The story so far. Herbert Hart was one of the founding fathers of contemporary legal positivism – the doctrine that laws are created through a specialised social practice of setting down (or positing) enforceable norms for behaviour, and are known and recognised as such by their grounding in that social practice. Sociologically speaking, this may sound uncontentious; the key contribution of legal positivism is the lack of any further stipulations as to what the law, inherently, is or what it is (necessarily) for. In any law-governed society (legal positivism argues) there is a system of laws which are recognised as such and an apparatus of roles and procedures for making and amending those laws; and (as Private Eye would put it), er, that’s it. To say that the legal system of Nazi Germany was a bad legal system – on the basis that it facilitated what are almost universally held to be evil and unjust outcomes – makes no more sense than to say that the language spoken by the Nazis was a bad form of German.
Advocates of ‘natural law’ – the theory that there are coherent and discoverable pre- or extra-legal principles, generally based on morality, by which positive law can be judged – have held that this picture needs to be qualified in different ways. In writings from 1958 and 1961, Hart singled out three ways of arguing the connection between natural and moral criteria, on one hand, and positive law on the other, and made concessions – ranging from major to very minor indeed – to each of them.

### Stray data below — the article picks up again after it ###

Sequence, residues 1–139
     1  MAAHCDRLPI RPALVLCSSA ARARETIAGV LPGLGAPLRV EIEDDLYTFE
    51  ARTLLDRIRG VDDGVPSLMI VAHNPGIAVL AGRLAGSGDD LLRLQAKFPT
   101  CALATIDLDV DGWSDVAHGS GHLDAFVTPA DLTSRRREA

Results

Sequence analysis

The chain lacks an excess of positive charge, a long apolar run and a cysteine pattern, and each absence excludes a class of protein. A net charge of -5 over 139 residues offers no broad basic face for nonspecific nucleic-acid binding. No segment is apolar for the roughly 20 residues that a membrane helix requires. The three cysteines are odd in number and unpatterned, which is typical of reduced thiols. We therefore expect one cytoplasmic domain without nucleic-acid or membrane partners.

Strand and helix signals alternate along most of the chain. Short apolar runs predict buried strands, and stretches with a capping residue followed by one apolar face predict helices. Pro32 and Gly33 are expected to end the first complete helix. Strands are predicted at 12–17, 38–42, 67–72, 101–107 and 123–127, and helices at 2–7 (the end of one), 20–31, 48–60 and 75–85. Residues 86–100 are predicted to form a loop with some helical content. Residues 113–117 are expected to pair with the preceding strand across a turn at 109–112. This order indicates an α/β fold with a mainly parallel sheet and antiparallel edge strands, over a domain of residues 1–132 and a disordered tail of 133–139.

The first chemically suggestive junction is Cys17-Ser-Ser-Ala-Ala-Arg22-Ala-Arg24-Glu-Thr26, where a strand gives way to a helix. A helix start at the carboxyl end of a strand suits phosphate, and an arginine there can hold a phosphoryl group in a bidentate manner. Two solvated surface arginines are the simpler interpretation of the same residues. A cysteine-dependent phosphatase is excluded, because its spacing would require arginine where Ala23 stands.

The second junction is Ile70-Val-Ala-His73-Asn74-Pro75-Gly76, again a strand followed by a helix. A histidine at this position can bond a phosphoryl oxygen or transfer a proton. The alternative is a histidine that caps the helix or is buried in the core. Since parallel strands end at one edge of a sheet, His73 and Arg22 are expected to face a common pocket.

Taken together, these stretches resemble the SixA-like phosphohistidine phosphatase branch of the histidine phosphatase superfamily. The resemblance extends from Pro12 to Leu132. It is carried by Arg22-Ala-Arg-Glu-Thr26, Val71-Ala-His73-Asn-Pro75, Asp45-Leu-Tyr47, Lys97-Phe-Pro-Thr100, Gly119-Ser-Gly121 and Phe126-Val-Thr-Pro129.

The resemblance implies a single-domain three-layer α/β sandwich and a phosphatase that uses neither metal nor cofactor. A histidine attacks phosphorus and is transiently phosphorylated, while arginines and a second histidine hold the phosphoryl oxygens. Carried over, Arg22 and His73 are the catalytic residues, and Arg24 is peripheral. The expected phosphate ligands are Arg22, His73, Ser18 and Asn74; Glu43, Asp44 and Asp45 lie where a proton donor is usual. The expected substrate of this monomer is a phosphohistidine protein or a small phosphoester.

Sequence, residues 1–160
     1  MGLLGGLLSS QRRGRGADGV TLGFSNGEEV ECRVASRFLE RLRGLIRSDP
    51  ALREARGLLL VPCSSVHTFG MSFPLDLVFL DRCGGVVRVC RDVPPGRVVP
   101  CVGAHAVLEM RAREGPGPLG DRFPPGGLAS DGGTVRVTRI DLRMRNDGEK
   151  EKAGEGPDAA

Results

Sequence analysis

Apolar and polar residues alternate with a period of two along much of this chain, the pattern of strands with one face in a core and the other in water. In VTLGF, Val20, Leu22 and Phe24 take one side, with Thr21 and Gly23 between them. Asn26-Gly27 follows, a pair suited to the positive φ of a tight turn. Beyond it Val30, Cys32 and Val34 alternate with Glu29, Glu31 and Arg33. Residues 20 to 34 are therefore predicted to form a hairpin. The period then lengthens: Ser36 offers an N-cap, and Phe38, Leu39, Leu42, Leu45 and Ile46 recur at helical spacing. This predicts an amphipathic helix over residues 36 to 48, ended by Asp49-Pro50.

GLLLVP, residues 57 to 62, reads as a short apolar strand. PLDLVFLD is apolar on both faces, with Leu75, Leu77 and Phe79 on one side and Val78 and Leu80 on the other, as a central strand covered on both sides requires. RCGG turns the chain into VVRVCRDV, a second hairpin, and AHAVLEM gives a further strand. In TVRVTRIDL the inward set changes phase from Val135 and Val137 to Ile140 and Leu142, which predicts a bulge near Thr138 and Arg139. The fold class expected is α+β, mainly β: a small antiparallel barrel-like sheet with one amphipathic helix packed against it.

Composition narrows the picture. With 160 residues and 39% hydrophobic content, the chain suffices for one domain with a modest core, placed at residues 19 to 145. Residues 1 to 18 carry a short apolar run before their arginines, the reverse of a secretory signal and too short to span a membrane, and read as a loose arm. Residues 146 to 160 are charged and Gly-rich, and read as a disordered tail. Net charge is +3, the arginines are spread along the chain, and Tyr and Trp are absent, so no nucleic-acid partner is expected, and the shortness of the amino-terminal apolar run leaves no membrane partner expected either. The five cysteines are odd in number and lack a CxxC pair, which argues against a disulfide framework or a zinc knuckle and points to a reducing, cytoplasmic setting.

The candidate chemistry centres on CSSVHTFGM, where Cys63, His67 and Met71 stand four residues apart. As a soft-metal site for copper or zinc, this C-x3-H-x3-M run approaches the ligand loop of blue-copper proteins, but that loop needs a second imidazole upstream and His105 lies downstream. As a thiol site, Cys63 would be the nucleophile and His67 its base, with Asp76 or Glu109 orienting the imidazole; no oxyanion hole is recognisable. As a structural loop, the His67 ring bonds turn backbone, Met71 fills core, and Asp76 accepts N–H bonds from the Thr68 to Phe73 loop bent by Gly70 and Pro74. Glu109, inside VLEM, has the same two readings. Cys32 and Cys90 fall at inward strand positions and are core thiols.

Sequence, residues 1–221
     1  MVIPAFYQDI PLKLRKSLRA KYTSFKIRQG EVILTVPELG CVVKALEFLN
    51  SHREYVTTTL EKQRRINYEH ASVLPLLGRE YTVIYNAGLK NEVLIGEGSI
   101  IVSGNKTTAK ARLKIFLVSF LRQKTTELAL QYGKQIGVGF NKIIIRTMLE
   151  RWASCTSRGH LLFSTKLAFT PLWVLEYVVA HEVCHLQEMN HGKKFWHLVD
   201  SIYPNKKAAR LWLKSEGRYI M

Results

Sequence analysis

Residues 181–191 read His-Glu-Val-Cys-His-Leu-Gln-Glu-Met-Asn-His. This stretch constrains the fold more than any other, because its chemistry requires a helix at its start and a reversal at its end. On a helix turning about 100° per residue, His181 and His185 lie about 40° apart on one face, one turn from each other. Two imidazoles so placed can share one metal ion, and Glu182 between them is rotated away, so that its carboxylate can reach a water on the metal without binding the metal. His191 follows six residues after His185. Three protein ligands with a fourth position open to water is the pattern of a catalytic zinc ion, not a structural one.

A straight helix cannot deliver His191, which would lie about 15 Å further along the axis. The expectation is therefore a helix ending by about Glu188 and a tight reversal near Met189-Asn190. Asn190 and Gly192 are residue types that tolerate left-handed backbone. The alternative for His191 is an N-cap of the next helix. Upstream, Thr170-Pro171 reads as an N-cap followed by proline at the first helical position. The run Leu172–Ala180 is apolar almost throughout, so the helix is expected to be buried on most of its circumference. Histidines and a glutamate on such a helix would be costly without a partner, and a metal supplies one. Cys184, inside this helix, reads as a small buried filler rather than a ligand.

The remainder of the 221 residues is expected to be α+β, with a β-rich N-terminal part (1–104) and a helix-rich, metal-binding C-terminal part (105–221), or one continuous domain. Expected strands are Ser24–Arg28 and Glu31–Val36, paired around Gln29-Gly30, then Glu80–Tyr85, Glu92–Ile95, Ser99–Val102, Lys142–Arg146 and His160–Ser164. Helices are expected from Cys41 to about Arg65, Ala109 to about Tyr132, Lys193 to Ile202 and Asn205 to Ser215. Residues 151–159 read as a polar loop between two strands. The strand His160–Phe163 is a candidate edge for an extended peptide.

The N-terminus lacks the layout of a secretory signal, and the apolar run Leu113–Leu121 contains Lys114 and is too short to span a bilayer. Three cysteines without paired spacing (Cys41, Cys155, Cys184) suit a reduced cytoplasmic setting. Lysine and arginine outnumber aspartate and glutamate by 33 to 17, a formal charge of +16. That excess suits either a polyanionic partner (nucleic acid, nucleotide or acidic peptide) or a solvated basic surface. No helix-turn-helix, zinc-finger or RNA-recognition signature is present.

Firstly, the Substantive Natural Law position holds that any imaginable legal system – or, perhaps, any imaginable adequate legal system; any legal system functioning as a legal system – will have a certain minimum content: there are certain things that ‘the law’ has always forbidden and always will forbid, murder being the most obvious example. Hart gave this argument extended consideration and was willing to concede – if the minimum content was defined sparingly enough – that it might be correct. However, Hart was at pains to point out that the minimum content itself derived from the brute facts of human existence rather than from morality. Hart’s definition of the minimum content of law, in terms of obligatory forbearance from exploiting fundamental universal vulnerabilities, is compatible with Kelsen’s austere severance of legal from moral obligations: one could argue, following Kelsen, that the moral obligation not to kill and the legal prohibition of homicide are not only two separate norms, but elements of two distinct systems of norms, each of which is offered as a solution to the problems of coexistence in society. Natural law in this light is ‘natural’ in a Hobbesian sense – it is the law that elevates above the state of nature for the sake of survival (rather than, for instance, underpinning the Aristotelian conditions of human flourishing). Nor is there any inherent connection between minimal substantive natural law and justice. A universal and impartial breach of natural law would not be unjust; in the case of any more selective breach, the injustice would derive from the selectivity.